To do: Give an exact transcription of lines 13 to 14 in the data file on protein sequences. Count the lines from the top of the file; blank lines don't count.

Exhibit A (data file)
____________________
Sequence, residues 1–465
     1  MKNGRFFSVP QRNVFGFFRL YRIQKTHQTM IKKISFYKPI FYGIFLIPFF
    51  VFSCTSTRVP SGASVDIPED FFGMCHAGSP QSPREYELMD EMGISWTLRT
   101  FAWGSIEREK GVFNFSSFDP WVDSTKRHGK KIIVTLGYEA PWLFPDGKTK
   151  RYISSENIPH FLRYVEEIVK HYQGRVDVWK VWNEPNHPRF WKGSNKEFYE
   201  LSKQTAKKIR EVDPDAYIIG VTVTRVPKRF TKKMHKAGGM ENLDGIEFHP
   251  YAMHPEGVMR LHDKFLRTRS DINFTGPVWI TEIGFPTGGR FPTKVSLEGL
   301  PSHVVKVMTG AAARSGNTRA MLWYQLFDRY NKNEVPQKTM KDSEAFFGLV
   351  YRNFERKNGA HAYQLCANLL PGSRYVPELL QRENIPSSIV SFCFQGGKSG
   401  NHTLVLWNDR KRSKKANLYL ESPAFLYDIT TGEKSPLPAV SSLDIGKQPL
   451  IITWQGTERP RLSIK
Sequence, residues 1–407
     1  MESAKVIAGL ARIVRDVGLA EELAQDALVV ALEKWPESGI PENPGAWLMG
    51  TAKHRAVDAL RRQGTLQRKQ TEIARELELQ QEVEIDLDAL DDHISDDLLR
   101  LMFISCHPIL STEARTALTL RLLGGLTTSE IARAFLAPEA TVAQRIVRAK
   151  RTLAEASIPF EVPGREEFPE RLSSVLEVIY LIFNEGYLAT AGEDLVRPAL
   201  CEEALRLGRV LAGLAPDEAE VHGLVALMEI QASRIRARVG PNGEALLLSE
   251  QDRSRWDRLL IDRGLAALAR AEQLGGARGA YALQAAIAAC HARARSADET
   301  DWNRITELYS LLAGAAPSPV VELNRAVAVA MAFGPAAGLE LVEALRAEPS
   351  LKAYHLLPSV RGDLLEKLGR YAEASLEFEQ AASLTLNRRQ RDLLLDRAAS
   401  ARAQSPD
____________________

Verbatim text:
     1  MESAKVIAGL ARIVRDVGLA EELAQDALVV ALEKWPESGI PENPGAWLMG
    51  TAKHRAVDAL RRQGTLQRKQ TEIARELELQ QEVEIDLDAL DDHISDDLLR